History framed by new technology
Early photos offer vivid look at region’s past
The Massachusetts Historical Society has some 12 million manuscript pages in its holdings, as opposed to 100,000 photographs. Quantitative ratios don’t always translate into qualitative ones. What we see, after all, is often a lot more vivid and memorable than what we read. Just how vivid and memorable is evident from “History Drawn With Light: Early Photographs From the Collections of the Massachusetts Historical Society.’’ The show runs through June 3.
The society, founded in 1791, wasted no time in acquainting itself with photography. It was just under a half century old when Louis Daguerre invented the daguerreotype, the most popular early type of photograph, in 1839. The next year it held a demonstration of the process at the society’s quarters, then on Tremont Street. A few months later, the society acquired its first photograph. It showed the oldest building in Boston.
Photography uniquely stood at the intersection of art (which it created), history (which it recorded), and technology (which it utilized). All three aspects of the medium are on display in “History Drawn With Light.’’
The exhibition opens with a handsomely appointed re-creation of a portrait studio of the antebellum era: oriental carpet, leather-upholstered armchair, stained-oak walls. The show’s 70-some-odd photographs (do stereoscopic images count double?) are in the next two rooms. The effect is at once imposing and cozy: grand rooms, grandly overstuffed. Adding to the domestic atmosphere are the presence of several contemporary paintings and an 1855 group portrait of society members. Like a page from a family album, this is cold-roast Boston in the saddle and on the hoof.
Extensive wall texts are informative without seeming didactic. There are other thoughtful viewing touches. Light shields are available to offset the glare on daguerreotypes. An 1877 panoramic photograph of the waterfront (it’s just under 11 feet wide) comes with a selection of smaller, numbered photographs of the waterfront today, which can be compared with the corresponding portions of the panorama to see how much has — and hasn’t — changed.
Portraiture was, and likely remains, photography’s greatest attraction. The camera democratized the recording of the human face. By the end of the 1840s, Boston boasted 43 daguerreotype studios. People wanted individual portraits. They wanted family groups. They wanted calling cards. They even wanted portraits of pets. The adorability quotient of an 1854 daguerreotype, “T. Tuugg, (the Dwight family dog),’’ would put to shame any amount of Animal Planet programming.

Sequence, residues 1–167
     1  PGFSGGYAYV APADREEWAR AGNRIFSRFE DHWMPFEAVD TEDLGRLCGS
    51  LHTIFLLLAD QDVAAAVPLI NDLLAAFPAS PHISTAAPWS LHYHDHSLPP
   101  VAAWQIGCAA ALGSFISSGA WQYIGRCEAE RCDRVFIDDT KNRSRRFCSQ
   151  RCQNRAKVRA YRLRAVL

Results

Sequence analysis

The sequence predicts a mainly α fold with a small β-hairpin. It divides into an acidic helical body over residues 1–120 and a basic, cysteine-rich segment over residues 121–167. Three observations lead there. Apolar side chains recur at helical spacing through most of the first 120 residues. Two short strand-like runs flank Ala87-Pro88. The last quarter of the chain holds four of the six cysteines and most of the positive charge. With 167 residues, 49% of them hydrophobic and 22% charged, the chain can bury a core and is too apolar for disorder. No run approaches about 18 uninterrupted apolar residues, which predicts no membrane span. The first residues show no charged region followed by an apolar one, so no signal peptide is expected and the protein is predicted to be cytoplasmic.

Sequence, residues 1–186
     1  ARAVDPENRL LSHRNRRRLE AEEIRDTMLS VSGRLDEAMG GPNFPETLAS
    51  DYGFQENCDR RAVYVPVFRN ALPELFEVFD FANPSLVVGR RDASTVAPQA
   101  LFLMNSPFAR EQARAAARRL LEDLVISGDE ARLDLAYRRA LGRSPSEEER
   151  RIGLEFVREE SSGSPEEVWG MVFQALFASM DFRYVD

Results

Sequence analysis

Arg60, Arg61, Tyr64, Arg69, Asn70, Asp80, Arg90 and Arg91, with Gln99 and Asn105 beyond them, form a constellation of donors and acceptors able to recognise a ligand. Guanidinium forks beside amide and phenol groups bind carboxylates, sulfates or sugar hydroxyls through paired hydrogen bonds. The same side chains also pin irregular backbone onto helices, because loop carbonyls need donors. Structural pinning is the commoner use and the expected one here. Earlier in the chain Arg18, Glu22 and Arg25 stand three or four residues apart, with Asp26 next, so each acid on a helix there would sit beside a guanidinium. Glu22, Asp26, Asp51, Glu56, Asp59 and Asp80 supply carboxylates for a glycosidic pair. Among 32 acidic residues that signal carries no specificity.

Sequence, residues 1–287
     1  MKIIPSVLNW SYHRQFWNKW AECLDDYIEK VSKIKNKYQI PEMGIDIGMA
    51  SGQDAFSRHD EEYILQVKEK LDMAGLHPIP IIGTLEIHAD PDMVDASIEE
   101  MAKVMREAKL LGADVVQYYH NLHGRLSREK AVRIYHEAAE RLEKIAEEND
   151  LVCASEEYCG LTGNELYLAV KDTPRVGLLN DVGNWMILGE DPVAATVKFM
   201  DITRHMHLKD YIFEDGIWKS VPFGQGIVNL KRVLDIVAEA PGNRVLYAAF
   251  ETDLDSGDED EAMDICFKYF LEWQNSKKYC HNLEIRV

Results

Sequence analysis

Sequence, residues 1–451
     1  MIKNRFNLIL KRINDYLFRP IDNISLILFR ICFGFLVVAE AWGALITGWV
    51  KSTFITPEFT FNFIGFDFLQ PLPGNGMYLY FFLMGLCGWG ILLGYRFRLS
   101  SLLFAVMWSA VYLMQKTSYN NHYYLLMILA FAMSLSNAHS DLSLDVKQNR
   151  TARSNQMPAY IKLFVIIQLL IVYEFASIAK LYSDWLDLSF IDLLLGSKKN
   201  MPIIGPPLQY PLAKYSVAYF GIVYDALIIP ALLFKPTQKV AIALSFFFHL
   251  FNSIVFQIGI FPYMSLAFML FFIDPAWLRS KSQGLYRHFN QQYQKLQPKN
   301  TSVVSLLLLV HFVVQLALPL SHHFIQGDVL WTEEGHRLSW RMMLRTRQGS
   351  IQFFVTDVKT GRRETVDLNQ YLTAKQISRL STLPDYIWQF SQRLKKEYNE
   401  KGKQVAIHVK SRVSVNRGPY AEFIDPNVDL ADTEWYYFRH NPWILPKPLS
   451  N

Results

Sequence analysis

Among the portrait subjects are some eminent names: John Brown, Oliver Wendell Holmes Jr., the young Francis Parkman. Others were more famous then than now. Lemuel Shaw, chief justice of the state’s Supreme Judicial Court, has the beefy, implacable look of a character out of Balzac. No, Victor Hugo: He’s a jowly Javert.
It comes as no surprise that Southworth & Hawes, Boston’s leading daguerreotypists, took Shaw’s portrait. Although the society’s collecting considerations were archival rather than aesthetic, one can already see the artistic possibilities for photography emerging in works such as the Shaw portrait or Southworth & Hawes’s “The Branded Hand.’’
The latter remains startling and horrific 166 years after its taking. The image shows the outstretched palm of a Massachusetts sea captain who had tried to help slaves escape from Florida. On his hand have been burned the letters “S.S.,’’ for slave stealer, punishment for his abolitionist efforts. The letters resemble links in a chain, a chain it would require the Civil War to break. Images from the war take up much of the show. One presents Henry F. Steward, a sergeant in the all-black 54th Massachusetts Volunteer Infantry Regiment. His upraised sword and erect carriage chime with the classical column beside which he poses, while the jaunty tilt of his cap deflates any hint of pomposity.
Part of the attraction of photography was that amateurs could practice it as easily as professionals — and sometimes more skillfully. Francis Blake was an inventor who made his fortune with a telephone transmitter. He eventually turned to the camera, experimenting with high-speed photography. In one product of those efforts, we see his son, Benjamin, leaping. In another, his daughter, Agnes, drops a weight alongside a measuring post. Sibling rivalry meets Newtonian physics: What goes up, must come down.
Mark Feeney can be reached at firstname.lastname@example.org.